Clocks I discovered on my summer travels (2016)

Once a year we travel to central Canada and since I am always on the lookout for clocks when I am on the road, they can show up in the strangest of places.

Snider clock
Snider starburst clock found in a boutique hotel in Quebec City

We stopped a a boutique hotel in downtown Quebec City and came across this Snider Starburst clock in the dining area. Many folks do not realize that Snider clocks are distinctively Canadian. According to the Canadian Clock Museum, “the Snider Clock Corporation, was set up in 1950 by Harry Snider, who operated a wholesale jeweler business on Yonge Street at the time.  The company name was changed in 1957 to the Snider Clock Mfg Co. Limited.  Over a period of more than twenty-five years until 1976 there were hundreds of models of Snider mantel, TV lamp, and wall clocks designed and manufactured in Toronto”.

In the same boutique hotel beside the Snider clock was a wine vending machine. How cool is that!

Wine vending machine
Wine vending machine
Hugh Gordon tall-case clock circa 1760
Hugh Gordon tall-case clock circa 1760

This fine looking Scottish Hugh Gordon tall-case clock located in a home near Montreal, was made somewhere between 1760 and 1770. The clock is majestic and certainly defines the room though I wish it were in my room! The cabinet is in excellent condition but the movement requires attention that can only be provided by professional horologist.

Smiths Enfield Art Deco style mantel clock
Smiths Enfield Art Deco style mantel clock circa 1949

I like the lines of this clock. In fact, I liked it so much that I bought it. This Smiths Enfield Art Deco clock was discovered at this antique shop in Haliburton, Ontario and it has become our newest cottage clock.

Haliburton antique shop
Haliburton antique shop
Smiths Enfield shelf clock
Smiths Enfield shelf clock, on a shelf
Sessions six pillar mantel clock
Sessions six pillar mantel clock

I am not a fan of pillar clocks although I do have a couple. This six pillar Sessions time and strike seems to be in good shape though the dial may need replacing or restoration. Some would leave it as-is. I am personally not a fan of replacing a dial but if the numbers are unreadable it can be an option.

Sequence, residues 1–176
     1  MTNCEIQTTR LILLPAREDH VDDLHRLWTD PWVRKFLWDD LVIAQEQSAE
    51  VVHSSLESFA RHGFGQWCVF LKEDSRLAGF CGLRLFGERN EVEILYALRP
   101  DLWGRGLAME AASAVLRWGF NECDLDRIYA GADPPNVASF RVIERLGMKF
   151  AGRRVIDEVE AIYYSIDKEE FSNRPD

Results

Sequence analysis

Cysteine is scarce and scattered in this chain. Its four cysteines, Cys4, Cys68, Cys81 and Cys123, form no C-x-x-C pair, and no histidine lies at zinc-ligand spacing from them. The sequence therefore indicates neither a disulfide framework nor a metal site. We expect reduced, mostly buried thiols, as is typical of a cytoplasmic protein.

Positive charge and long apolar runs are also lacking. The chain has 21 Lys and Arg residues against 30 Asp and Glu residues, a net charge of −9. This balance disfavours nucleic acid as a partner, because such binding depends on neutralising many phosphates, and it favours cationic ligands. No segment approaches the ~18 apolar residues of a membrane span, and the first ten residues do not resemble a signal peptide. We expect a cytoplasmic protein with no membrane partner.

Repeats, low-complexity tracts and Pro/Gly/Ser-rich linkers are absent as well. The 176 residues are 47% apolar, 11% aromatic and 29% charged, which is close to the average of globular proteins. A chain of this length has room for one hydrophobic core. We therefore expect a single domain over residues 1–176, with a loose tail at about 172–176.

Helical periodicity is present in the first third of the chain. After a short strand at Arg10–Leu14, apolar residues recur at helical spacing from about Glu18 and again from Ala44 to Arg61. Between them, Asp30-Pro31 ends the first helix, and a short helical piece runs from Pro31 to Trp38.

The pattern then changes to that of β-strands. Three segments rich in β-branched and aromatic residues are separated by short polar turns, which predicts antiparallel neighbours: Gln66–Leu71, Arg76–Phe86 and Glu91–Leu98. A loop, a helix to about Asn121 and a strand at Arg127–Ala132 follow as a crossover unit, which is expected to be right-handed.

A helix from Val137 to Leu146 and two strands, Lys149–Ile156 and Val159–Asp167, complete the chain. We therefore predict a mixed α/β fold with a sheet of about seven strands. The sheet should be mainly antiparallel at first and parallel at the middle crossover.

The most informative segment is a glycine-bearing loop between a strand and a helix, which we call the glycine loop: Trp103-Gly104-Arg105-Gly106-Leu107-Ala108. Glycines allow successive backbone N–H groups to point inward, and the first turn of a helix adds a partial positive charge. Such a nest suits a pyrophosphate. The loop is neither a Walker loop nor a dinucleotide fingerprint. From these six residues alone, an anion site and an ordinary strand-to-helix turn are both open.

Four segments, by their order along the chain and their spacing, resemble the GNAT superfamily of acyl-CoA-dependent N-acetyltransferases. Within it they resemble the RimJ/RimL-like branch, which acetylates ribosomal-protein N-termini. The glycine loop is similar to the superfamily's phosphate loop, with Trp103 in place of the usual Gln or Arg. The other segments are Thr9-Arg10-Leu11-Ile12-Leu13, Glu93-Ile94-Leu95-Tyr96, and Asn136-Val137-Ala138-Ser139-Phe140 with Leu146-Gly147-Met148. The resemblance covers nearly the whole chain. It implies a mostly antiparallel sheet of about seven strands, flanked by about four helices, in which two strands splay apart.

Unknown mantel clock, possibly French
Unknown mantel clock, possibly French

What is it? Is it French, is it British? Could even be American. There are no markings on the dial face. I am leaning towards French.

Kienzle World Time clock circa 1950
Kienzle World Time clock circa 1950

I saw this in an antique store and hummed and hawed over whether I should buy it or not. We were with friends and they loved it. I thought about it, went back a week later, made an offer and now it is sitting on a buffet at home. It works well, runs a full eight days but has a jeweled movement which concerns me. I am not comfortable having this clock run continuously until I know how to service it. Heck I can’t even find a way to open it up to inspect it. For the moment I will run it only on special occasions until my skill level improves enough to allow me to investigate further.

Possible Ansonia or French mantel clock
Possibly Ansonia or another French mantel clock

The above clock, another find in an antique store is possibly French or American. I believe Ansonia made clocks very similar to this. I am going to call it an Ansonia.

Collection of beehive, six pillar Seth Thomas and Waterbury wall clock
Collection of beehive, six pillar Seth Thomas and Waterbury wall clock

A Seth Thomas Beehive and a Waterbury time and strike wall clock. Both are in very good condition but a tad on the pricey side.

My wife took a quick cell phone shot of this clock in another antique shop. Not the best image.

Kienzle Weschester Chime
Kienzle Winchester Chime

It is a Kienzle 3-train German clock and no matter how hard I look I cannot find another like it. Could be a one-of. If you know anything about it please drop me a line.

That’s about it. I found another tall-case clock in a restaurant in Quebec City. It looked like a combination of several clocks although the cabinet was nice. So, somebody messed with it. Should have taken a photo!

6 thoughts on “Clocks I discovered on my summer travels (2016)

  1. Please please please please leave the dial on the Sessions 6 pillar “black Mantle” clock. It looks absolutely wonderful as-is, and a new dial would certainly ruin it (for me at least). The numbers are still pretty easy to read and the patina matches everything else on the case.

    I wouldn’t mind seeing more of that Waterbury wall regulator.

    The “possibly Ansonia or French” is definitely American. It’s hard to tell which company could have made it. Ingraham, Waterbury, New Haven, and others also had nearly the same models. Usually the movement would be stamped though.


    1. Thanks JC. I have seen some clocks with brand new dials and they do look quite strange. I suppose if they were replaced many years ago and have had a chance to “age” they might look good. I have a Waterbury Arion which has a pretty beat up clock face with two numbers just readable but I think it adds a certain charm to the clock.

      I checked to see if I have another photo of the Waterbury regulator wall clock but I don’t. It is located in an antique shop in Kazabazua, Quebec and I am sure that it is still available.

      Sometimes when I look at a clock and think it is French I should be reminded that the Americans made many copies.

      If you are interested there are a number of interesting clocks at this auction in Belleville, Ont. next week


      1. Ron, I don’t have a vehicle or license, so getting to Belleville would require a lot of pre-planning. There are definitely a few interesting clocks, but the majority of them seem to be slightly messed-up in one way or another.


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